As far as the roster, juniors Yates and Stephon “Munchie” Ashley-Wright and senior Keon Long-Mtume headline a returning group that grew into its own after a midseason injury to Khaafiq Myers. Myers, off to St. Joe’s; Amir Williams, off to Hofstra; and Larenzo Jenkins, off to West Chester, graduated, while Torrey Brooks Jr departed for Camden. 

The Saints have added two rising juniors in 6-foot-5 wing Alassan N’Diaye and 5-foot-10 guard Kody Colson to bolster the returning core. A crop of young, up-and-coming guards also look poised to make their mark on a program that’s produced plenty of top-flight backcourt players.

“It’s really starting to come together,” Ashley-Wright said. “We’ve got some young guys we’re going to count on, so it’s about helping them, becoming a leader and making sure they follow us and stay focused every day.”

Ashley-Wright added the young guards, like incoming freshmen Ayden Lewis and Ernest Stanton Jr, have been eager to get in the gym and work. Yates added they’ve also taken to heart the idea of playing their role on the court.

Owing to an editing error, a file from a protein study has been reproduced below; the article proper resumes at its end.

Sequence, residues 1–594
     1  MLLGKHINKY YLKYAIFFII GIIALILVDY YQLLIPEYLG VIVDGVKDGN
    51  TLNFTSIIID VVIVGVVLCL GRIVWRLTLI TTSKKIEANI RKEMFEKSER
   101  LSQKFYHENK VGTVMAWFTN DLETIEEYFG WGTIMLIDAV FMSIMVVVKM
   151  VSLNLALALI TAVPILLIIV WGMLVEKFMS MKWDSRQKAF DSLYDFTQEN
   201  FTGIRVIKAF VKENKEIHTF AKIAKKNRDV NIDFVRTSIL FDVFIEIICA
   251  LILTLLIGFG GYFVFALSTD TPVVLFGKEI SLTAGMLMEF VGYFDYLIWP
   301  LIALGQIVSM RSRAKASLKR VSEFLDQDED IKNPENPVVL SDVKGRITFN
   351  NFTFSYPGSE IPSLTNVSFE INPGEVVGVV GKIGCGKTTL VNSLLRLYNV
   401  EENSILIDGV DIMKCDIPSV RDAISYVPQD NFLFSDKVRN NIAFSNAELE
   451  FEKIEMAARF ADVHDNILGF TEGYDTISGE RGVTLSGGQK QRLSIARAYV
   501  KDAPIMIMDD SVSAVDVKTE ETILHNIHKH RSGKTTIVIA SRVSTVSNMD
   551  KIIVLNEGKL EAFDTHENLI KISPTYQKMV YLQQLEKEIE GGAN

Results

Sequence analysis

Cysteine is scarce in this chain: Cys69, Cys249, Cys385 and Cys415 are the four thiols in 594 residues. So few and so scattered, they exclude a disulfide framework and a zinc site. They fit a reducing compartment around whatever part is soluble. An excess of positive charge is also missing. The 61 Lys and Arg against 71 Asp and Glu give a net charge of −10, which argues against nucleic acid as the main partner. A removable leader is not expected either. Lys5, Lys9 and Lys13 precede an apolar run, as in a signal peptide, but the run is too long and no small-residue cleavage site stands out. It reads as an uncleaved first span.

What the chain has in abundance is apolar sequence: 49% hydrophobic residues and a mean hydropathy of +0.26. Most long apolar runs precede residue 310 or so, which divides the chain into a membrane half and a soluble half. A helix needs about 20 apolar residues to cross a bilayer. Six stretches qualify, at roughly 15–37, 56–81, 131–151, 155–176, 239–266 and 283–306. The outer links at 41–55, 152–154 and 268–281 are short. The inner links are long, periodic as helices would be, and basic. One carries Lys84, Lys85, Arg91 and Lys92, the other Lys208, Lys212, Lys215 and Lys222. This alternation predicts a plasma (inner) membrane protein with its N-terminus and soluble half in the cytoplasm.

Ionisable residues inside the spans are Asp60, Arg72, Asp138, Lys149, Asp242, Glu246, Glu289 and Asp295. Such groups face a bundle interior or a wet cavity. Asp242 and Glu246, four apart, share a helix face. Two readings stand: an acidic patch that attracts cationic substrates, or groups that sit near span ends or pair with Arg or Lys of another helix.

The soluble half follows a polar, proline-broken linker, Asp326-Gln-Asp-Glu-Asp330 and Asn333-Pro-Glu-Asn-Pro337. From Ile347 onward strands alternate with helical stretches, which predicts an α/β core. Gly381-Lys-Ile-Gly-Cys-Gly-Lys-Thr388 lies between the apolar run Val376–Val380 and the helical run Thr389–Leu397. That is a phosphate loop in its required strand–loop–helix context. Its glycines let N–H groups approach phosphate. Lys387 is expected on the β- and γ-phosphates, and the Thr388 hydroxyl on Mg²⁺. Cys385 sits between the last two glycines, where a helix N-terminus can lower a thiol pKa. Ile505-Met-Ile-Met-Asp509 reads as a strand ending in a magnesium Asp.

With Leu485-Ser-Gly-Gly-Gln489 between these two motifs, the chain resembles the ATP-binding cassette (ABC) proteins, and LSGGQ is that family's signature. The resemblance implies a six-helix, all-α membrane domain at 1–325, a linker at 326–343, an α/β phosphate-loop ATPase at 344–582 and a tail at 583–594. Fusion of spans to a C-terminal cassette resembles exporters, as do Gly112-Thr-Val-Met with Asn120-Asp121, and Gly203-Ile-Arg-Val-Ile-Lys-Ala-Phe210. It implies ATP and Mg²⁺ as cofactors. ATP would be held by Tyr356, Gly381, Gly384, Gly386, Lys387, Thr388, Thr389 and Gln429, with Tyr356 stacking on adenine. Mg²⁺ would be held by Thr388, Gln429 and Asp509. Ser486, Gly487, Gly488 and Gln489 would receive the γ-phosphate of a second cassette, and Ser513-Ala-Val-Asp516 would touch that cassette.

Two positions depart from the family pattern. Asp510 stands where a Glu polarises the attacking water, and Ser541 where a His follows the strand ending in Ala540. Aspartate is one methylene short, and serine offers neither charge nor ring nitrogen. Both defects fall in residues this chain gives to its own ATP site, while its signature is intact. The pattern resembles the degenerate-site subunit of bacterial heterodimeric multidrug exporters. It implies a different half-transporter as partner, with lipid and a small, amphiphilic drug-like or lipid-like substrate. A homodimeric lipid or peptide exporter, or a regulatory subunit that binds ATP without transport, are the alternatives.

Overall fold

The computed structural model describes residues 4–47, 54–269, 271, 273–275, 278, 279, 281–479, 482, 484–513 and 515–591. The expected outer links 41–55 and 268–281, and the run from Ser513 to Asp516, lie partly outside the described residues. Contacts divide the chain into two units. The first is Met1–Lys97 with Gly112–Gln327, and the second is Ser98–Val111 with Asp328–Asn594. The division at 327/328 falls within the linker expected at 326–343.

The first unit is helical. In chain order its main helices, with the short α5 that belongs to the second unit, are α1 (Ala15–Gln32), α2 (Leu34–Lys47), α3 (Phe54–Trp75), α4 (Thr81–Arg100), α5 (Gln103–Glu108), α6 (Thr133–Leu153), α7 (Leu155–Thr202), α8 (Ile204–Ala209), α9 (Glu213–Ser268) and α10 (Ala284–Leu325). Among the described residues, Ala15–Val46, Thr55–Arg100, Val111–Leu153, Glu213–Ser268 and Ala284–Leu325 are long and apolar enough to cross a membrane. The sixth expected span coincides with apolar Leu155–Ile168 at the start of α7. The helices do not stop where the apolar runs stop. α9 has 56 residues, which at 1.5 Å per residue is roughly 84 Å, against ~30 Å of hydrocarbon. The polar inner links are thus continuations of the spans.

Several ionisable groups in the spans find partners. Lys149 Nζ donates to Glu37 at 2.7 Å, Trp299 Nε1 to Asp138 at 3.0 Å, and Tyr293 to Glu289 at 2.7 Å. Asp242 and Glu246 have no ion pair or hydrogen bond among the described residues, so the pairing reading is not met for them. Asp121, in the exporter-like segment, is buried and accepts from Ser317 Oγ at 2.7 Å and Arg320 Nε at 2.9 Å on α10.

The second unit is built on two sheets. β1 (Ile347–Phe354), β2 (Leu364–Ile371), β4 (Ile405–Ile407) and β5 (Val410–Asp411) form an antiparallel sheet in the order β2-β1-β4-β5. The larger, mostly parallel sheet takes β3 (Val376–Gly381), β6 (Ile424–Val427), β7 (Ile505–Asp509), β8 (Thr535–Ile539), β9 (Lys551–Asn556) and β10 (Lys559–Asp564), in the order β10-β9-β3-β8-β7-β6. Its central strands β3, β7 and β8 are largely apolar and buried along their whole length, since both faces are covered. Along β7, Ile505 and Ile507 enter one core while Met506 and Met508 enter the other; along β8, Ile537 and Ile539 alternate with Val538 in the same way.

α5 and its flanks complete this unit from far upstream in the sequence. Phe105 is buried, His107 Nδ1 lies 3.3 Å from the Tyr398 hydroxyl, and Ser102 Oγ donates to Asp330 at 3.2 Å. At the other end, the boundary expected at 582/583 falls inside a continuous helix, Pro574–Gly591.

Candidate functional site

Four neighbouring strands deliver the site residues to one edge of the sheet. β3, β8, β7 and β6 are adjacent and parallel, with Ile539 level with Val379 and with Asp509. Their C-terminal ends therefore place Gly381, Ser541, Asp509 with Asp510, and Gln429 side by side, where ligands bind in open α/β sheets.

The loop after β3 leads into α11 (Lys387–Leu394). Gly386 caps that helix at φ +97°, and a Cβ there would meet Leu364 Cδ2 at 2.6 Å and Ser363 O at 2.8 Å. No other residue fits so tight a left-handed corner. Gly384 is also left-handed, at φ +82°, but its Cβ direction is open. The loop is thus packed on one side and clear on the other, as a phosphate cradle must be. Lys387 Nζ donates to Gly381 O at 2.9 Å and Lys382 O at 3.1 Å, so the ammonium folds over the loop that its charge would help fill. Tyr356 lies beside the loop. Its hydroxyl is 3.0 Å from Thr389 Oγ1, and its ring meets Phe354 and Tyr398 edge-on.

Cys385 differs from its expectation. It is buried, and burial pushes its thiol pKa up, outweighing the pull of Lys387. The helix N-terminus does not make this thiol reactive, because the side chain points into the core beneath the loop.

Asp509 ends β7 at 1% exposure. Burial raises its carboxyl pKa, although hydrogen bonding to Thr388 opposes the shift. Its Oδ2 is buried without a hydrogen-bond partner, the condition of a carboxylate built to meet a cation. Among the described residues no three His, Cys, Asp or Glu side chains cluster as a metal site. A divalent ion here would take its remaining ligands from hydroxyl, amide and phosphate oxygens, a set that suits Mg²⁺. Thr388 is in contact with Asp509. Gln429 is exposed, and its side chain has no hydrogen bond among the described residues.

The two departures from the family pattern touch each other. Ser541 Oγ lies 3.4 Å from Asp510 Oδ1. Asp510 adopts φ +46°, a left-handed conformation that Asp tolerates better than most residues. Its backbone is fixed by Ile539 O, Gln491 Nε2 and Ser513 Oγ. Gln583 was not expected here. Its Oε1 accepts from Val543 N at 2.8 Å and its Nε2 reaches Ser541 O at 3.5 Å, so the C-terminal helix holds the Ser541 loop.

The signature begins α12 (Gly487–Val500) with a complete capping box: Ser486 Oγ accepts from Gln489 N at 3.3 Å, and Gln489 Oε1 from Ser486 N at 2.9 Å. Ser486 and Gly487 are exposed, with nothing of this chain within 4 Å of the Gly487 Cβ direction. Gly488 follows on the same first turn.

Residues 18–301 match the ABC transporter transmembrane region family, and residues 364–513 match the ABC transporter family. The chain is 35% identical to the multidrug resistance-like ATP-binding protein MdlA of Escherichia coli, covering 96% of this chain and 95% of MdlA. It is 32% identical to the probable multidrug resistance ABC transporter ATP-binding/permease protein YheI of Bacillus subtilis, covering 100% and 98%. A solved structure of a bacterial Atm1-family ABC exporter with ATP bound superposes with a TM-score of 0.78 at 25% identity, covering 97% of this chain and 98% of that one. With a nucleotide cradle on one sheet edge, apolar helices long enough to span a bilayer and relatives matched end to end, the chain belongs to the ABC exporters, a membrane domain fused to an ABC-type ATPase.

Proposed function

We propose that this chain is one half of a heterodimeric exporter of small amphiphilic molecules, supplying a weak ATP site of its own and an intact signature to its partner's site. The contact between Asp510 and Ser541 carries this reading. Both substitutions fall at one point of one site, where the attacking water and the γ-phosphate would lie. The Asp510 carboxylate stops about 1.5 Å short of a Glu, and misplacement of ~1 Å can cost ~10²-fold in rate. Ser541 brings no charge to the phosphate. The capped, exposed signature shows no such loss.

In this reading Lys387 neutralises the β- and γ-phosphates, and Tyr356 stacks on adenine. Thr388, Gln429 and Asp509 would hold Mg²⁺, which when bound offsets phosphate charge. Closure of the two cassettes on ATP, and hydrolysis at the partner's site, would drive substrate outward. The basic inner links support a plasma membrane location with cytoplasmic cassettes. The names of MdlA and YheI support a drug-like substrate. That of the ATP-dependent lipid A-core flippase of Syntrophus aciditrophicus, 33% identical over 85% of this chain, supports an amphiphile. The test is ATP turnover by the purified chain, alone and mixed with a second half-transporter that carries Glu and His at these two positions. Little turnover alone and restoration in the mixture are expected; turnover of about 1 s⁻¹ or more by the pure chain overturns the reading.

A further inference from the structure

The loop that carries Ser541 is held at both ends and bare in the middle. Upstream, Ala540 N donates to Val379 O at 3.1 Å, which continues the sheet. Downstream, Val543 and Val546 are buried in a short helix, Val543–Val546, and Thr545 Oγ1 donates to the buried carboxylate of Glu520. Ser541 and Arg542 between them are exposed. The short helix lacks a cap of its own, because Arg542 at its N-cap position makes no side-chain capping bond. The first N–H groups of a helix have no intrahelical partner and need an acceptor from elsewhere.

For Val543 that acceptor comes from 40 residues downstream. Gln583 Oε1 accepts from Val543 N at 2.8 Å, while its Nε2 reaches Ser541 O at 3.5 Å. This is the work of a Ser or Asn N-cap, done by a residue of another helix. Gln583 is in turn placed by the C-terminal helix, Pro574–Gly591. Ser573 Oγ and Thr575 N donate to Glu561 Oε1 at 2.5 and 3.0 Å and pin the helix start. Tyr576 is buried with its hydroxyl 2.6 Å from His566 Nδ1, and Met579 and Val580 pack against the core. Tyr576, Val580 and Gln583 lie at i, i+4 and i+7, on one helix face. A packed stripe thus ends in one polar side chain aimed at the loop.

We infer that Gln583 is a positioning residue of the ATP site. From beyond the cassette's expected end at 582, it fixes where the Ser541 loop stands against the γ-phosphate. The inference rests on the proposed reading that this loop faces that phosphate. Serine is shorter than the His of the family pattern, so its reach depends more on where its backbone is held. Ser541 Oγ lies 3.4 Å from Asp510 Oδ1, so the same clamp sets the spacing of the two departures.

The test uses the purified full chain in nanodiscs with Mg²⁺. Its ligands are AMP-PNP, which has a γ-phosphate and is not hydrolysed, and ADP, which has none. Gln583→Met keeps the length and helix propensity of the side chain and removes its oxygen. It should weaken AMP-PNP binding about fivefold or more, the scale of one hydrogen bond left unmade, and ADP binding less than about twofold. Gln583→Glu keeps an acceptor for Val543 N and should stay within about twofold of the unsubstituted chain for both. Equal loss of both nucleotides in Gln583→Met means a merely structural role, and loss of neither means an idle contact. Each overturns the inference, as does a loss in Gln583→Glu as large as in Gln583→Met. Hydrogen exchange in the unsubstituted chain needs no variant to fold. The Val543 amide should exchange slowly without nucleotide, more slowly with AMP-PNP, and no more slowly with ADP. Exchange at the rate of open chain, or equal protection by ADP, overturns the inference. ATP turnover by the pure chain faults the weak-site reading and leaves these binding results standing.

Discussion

Neumann-Goretti will likely be on the smaller side this coming season, instead relying on depth at guard and wing to establish its style. 

“It starts on defense,” Ashley-Wright said. “The offense will roll off of that.”

“Our defense carries us in a lot of ways,” Yates, a terrific rebounder at 5-foot-10, said. “We get scrappy on defense and that turns it up on offense.”

Last year, the Saints finished tied for the best regular season record in the PCL, went into the playoffs as the second seed and played in the semifinals at the Palestra. Even with some big names gone around the league, the Catholic League is always as tough as it gets but the Saints are confident they’ll be in the mix for at least one, if not two, trips to the Palestra.

“Stay tuned,” Yates said. “Right now, this was just a little preview.” — Andrew Robinson


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Tag(s): Home  High School  Andrew Robinson  Boys HS  Catholic League (B)  Cardinal O'Hara  Neumann-Goretti  Central League (B)  Lower Merion  Public League (B)  Public League A (B)  Sankofa